As my grief began to snowball, I hesitated to tell anyone I was struggling, largely because I didn’t know how. I didn’t know what to ask for, and without knowing what to ask for, it felt too complicated and futile to ask.
“Why didn’t they tell me?” is such a common refrain when we talk about suicide or mental health challenges in general. It’s easy to make this remark, because “tell someone” seems like a simple request. But in truth, it’s vague at best.
“REACHING OUT” IS THIS SKILL WE’RE SOMEHOW EXPECTED TO KNOW, YET IT’S NEVER TAUGHT AND RARELY MODELED FOR US.
It’s this vague, hopeful sentiment that people throw around, without ever really defining it. What are we asking people to do or say? It’s not exactly clear.
So I want to get more specific. We need to be more specific.
I don’t know if an article like this could’ve saved my friend. But what I do know is that we need to normalize asking for help and talk about what that might look like, rather than pretending it’s a simple and intuitive thing to do.
Maybe then, we can reach people sooner. We can meet them more compassionately. And we can find better ways to support them.
So if you’re struggling but you don’t know what to say? I get it.
Let’s talk about it.
1. “I’M (DEPRESSED/ANXIOUS/SUICIDAL). I’M NOT SURE WHAT TO ASK FOR, BUT I DON’T WANT TO BE ALONE RIGHT NOW.”
Sometimes we don’t know exactly what we need, or we’re unsure of what someone can offer. That’s okay; that shouldn’t discourage us from reaching out. It’s perfectly fine if you have no idea what you need or want — especially when all you can think about is how much you’re hurting.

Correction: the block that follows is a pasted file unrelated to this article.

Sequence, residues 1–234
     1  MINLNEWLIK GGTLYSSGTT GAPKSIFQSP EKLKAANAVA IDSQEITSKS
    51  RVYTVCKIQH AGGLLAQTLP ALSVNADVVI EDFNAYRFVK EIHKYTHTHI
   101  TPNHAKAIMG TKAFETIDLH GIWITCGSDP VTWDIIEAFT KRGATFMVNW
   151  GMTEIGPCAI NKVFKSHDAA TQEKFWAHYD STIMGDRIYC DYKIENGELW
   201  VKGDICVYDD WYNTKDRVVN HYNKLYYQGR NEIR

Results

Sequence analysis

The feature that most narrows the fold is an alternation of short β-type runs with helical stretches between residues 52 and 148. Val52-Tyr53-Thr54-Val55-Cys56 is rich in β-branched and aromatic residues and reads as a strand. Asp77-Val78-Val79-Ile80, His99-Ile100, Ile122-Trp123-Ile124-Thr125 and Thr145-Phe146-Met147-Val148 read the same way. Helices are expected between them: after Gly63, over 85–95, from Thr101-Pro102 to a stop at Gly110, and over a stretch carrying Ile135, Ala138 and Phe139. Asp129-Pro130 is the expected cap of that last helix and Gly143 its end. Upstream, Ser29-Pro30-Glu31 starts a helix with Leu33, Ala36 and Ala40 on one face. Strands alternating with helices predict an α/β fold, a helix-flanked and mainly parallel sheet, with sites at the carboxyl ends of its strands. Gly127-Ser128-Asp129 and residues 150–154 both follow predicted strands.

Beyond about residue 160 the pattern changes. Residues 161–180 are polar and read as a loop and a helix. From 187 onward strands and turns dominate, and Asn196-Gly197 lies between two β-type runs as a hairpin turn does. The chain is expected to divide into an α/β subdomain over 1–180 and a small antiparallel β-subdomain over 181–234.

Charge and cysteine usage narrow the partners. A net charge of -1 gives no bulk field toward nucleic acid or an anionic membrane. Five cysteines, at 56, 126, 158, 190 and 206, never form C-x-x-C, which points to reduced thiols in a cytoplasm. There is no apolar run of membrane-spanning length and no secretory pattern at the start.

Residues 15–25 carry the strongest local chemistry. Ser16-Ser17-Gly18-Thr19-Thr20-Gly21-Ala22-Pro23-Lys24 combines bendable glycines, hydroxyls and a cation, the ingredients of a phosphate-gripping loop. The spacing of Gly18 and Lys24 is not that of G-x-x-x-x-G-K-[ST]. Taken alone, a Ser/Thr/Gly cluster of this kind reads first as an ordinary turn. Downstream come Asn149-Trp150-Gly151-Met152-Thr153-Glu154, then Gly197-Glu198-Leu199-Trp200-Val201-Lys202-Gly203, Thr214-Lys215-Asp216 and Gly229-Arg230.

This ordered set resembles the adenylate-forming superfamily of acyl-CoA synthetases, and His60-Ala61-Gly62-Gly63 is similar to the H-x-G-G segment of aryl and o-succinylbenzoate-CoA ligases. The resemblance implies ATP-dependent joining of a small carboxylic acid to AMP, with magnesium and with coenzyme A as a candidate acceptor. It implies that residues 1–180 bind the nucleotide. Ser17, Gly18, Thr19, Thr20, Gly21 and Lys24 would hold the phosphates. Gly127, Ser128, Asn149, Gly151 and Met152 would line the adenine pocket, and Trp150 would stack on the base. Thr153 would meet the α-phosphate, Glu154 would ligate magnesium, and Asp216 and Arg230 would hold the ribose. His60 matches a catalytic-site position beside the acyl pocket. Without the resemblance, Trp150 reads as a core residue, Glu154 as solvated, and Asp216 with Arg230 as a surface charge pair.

Let someone know how you’re feeling. You might be surprised by the ways they offer to support you. And if they aren’t helpful? Keep asking until you find someone who is, or seek out a hotline (I know it can be weird to talk to a stranger, but there are some awesome hotlines out there).
2. “I’M STRUGGLING WITH MY MENTAL HEALTH AND WHAT I’VE BEEN TRYING ISN’T WORKING. CAN WE (MEET UP/SKYPE/ETC) ON (DATE) AND COME UP WITH A BETTER PLAN?”
Feeling helpless or exhausted is part and parcel for dealing with a broken mental health system. But a team approach can make it a little more manageable. Sometimes we need a cheerleader/researcher that helps us explore our options, especially when we’re having trouble believing that we have any.
One thing you’ll also notice is that, for almost everything on this list, I suggest setting a time.
This is important for a couple reasons. The first being that it helps the person you’re talking to understand the urgency behind your ask. It can also be helpful to know that there’s an event in the near future when you can expect to receive some support. This can help us hang in there when things get bleak.